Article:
You might think after all we’ve been through, that Wall Street would have wised up, cleaned house, reassured the public, restored investor confidence.
You’d be wrong.
As we mentioned a few weeks ago (The Sell Side Still Says ‘Buy’), it is still no better:
“Despite the corporate scandals and Wall Street stock-research legal settlement of the past few years, sell ratings are still a rarity at brokerage firms, accounting for just 9% of all ratings, according to Thomson Financial. And analysts who issue “sells” can expect intense criticism from brokers at their firm and investors. Particularly if, as was the case with aaiPharma, the company keeps exceeding earnings expectations and its stock keeps moving higher.”
That’s from a WSJ article “Street Sleuth: Lone Voice Was Right on aaiPharma.”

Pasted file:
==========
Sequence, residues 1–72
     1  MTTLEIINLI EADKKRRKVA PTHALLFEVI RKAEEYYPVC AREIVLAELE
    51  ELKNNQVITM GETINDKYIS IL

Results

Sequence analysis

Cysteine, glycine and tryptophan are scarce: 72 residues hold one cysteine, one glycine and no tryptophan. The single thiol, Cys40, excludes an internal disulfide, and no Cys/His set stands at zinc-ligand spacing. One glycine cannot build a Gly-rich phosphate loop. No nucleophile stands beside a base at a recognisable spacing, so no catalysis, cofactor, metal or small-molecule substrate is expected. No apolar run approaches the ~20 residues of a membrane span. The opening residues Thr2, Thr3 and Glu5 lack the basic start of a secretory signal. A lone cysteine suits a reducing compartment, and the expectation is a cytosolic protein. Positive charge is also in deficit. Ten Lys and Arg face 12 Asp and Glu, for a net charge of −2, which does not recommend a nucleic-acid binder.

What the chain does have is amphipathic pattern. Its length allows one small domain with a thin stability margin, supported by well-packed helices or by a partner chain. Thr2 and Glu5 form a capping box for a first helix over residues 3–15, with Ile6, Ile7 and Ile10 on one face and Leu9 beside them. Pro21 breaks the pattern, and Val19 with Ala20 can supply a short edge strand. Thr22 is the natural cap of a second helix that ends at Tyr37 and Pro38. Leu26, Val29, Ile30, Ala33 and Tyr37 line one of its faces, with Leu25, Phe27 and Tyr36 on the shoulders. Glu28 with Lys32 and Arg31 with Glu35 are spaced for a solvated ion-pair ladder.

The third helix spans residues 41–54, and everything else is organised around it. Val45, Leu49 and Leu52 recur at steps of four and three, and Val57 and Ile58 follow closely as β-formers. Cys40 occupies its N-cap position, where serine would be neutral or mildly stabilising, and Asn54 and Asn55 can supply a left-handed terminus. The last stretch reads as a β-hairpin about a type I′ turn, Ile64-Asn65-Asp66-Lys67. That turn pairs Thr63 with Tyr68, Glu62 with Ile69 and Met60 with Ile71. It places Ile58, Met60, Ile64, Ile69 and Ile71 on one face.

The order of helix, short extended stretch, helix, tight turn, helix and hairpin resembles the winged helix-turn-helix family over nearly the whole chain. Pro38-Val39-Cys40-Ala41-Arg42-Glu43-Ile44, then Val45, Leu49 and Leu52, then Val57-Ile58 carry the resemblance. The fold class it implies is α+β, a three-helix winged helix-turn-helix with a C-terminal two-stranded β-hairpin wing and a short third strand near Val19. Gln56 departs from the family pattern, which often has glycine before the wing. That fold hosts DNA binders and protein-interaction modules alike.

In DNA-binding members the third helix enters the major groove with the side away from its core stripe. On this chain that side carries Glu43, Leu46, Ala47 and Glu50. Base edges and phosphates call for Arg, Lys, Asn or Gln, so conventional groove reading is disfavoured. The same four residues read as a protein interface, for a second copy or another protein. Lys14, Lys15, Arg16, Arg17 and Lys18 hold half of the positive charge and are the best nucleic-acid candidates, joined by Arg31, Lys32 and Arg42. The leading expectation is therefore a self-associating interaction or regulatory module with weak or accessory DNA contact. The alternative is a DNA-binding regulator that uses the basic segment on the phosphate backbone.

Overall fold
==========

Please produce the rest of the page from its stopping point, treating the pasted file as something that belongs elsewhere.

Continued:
It seems the exchanges still allow companies to freeze out analysts who are less than effusive in their praises. This is simply uinconscionable. It must be incumbent upon the NYSE and the NASDAQ to force listed firms, as part of their listing requirements, to “not discriminate in the dissemination and distribution of material, via conference call or email, to any analysts who covers, rates, recommneds or tracks their company, REGARDLESS OF RATING.
By coincidence, the WSJ notes the Bullish analysts who covered aaiPharma (the subject firm of the article) also had a banking relationship with the company: “That analysts at firms with investment-banking relationships with aaiPharma were the among the most vocal bulls on the company may have been just a coincidence, says Jefferies’ Mr. Windley, “but it was a smelly coincidence, and one that’s particularly sensitive at this point.”
Keep repeating that to yourselves: “Just a coincidence.”
Street Sleuth: Lone Voice Was Right on aaiPharma
Raymond James Analyst Was Skeptical, and Wrong, Until Vindication Came
By JUSTIN LAHART and DAVID P. HAMILTON
WALL STREET JOURNAL, April 22, 2004